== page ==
One of the biggest areas in which manufacturers compromise fuel economy for comfort is in tire pressure. That 32-psi rating is mainly there to make the ride smooth as silk, even as you run over potholes and pedestrians. It can be controversial, but believe it: To get the best mileage out of your car, up the pressure to the maximum listed on the sidewall. The ride will get a bit rougher, but your rolling resistance will be reduced and you'll get better gas mileage. But don't just do it once and forget about it! Make sure to check your tire pressure every other time you fill up, or you could be leaking air and losing MPGs.

7. Use the Right Ride for the Job

It may seem like a no-brainer, but it may be the ultimate fuel-saver: Why take a gas-guzzling SUV to work when a smaller, more efficient fuel-sipper will do? And if public transportation or carpooling is an option, you'll not only save on gas, but also wear-and-tear on your vehicle.

8. Multi-Task With Your Daily Routine

Are you going out to run weekly errands, or are you just dropping one letter off at the post office and coming right home? You will essentially cut distance traveled and fuel usage in half by making all your stops at once, instead of taking lots of short roundtrips.

9. Plan Your Route Ahead of Time

Take the path of least resistance. That's one with fewer stoplights, not as much traffic and, yes, lower speed limits. Even if you save 0.1 gallons of gas each day, you'll save more than $130 per year.

10. Avoid Rush Hour at All Costs

These days, many offices are offering flexible hours, so errands can be run at any time. Try to avoid being stuck in traffic if all you have to do is leave 30 minutes earlier or come in 30 minutes later. And, yeah, set those alarms and take off for the beach early this summer. With those prices at the pump, you deserve it.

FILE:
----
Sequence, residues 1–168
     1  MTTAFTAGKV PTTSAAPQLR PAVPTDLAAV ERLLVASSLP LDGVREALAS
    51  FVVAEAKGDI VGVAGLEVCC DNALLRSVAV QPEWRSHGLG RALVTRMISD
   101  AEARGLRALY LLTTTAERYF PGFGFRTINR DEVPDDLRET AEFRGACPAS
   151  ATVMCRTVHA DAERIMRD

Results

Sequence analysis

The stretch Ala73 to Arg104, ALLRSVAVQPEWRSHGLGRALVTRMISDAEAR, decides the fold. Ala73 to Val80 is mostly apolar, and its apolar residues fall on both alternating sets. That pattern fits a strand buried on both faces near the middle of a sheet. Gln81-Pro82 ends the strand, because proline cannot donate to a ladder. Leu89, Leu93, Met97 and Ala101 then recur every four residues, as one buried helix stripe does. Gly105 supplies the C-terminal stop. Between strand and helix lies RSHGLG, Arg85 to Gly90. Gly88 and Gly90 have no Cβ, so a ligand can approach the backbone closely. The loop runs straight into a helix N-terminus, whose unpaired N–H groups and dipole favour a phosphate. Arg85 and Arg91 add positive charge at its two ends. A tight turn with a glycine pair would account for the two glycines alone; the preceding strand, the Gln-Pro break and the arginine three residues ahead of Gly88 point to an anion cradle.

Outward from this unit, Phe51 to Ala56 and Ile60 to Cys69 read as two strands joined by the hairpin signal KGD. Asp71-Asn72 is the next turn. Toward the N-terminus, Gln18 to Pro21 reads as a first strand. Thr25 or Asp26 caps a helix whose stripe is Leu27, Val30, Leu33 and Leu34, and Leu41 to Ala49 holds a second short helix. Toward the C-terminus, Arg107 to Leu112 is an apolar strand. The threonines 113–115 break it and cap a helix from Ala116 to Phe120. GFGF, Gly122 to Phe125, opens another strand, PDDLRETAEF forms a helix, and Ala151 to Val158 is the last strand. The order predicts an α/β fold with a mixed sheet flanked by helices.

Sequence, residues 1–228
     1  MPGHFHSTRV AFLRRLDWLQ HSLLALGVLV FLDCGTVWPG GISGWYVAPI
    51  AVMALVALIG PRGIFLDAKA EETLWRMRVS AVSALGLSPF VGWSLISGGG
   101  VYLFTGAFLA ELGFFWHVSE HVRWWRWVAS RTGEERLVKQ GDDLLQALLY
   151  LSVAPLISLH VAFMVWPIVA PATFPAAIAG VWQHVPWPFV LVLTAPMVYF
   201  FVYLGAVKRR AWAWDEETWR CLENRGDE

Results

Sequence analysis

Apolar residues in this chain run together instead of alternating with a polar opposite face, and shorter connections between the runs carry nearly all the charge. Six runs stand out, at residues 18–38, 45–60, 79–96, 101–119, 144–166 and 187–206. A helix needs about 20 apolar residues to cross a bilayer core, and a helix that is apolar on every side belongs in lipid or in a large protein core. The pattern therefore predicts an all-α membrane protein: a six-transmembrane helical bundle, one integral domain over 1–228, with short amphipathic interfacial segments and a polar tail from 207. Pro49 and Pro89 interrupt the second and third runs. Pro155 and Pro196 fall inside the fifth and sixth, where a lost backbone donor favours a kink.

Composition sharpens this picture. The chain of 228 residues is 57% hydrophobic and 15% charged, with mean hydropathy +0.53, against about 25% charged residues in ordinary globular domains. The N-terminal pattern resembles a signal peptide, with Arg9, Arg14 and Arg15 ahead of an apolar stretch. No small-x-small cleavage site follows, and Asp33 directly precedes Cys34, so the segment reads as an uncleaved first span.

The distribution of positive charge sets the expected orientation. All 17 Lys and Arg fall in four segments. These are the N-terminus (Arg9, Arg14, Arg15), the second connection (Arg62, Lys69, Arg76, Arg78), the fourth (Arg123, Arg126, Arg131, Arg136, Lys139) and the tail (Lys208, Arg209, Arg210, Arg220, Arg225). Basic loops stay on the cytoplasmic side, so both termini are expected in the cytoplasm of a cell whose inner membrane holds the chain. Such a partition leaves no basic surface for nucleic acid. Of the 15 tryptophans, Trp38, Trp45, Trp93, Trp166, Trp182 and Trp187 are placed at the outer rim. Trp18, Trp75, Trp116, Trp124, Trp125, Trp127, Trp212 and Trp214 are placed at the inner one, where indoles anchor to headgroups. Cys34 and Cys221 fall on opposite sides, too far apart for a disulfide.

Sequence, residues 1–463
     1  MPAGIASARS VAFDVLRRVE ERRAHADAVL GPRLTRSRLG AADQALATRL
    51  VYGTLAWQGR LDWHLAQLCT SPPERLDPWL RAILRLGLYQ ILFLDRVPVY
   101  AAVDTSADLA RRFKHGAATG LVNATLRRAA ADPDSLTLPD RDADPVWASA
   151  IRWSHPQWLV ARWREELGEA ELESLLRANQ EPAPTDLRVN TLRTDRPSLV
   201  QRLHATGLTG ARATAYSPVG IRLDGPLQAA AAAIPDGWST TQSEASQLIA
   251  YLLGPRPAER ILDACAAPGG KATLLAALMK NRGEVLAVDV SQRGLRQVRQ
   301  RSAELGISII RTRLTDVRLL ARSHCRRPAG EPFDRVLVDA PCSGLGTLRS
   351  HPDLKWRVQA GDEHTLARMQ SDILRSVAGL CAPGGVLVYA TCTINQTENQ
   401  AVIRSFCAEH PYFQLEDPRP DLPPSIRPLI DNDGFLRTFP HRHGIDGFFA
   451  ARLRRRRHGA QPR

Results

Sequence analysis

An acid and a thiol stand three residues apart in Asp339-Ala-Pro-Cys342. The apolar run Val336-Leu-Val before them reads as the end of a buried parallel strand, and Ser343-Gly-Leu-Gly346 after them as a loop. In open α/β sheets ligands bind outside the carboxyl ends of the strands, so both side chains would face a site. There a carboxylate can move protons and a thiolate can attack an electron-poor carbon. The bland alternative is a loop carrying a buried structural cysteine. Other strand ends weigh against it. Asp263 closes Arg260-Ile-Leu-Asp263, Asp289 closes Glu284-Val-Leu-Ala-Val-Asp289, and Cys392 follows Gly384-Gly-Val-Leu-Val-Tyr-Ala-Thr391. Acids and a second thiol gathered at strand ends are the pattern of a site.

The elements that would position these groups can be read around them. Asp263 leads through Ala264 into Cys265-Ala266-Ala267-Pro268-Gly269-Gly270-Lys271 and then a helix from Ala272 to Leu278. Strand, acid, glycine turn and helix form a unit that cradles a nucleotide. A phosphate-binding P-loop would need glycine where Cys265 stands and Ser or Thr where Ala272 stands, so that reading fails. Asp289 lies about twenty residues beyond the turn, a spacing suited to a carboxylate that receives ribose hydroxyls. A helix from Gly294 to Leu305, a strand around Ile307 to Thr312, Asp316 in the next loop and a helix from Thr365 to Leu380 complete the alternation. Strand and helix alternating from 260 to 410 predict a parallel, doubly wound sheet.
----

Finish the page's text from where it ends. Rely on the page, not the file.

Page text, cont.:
Benjamin Jones is the co-founder of

Original here

With Gas Prices Rising and the Planet Warming, Is It Time To Drive 55 Again?

Congress adopted a nationwide 55 mph speed limit law during the oil embargo of the 1970s and threatened to withhold highway funding for any state that didn't comply. It repealed the law 13 years ago, when oil was cheap and gas plentiful. But with prices going through the roof and everyone worried about global warming, there are increasing calls for Congress to bring back the double-nickel speed limit.

Advocacy groups like say rolling the speed limit back to 55 will save fuel, reduce pollution and save lives. It seems logical, but not everyone is convinced slower speeds bring any real benefit, and the debate is heating up.

"Sheer physics tell you lower speeds equal better fuel economy, fewer injuries and lower emissions," said Justin McNaull, director of state relations for AAA. "But what happens when you change the speed limit is a little less clear."

It depends upon who you want to believe.

Connecticut adopted the nation's first vehicular speed limit 107 years ago today - setting the maximum speed at 12 in the city and 15 in the country - and people have been ignoring them ever since. Congress set the limit at 55 mph under the National Maximum Speed Law of 1974. The law was repealed 19 years later and the states allowed to set their own limits. Most of them bumped it up to 65 mph, although some went to 75 mph and there are stretches of highway in west Texas where you can cruise at 80.

The U.S. Department of Energy says gas mileage plummets above 60 mph and says every 5 mph above that speed is akin to paying an additional $0.20 per gallon for gas. But the American Heritage Foundation claims 12 years of 55 mph speed limits cut fuel consumption by just 1 percent. After Congress repealed the National Maximum Speed Law and 33 states raised their speed limits, the Cato Institute said traffic deaths dropped to a record low.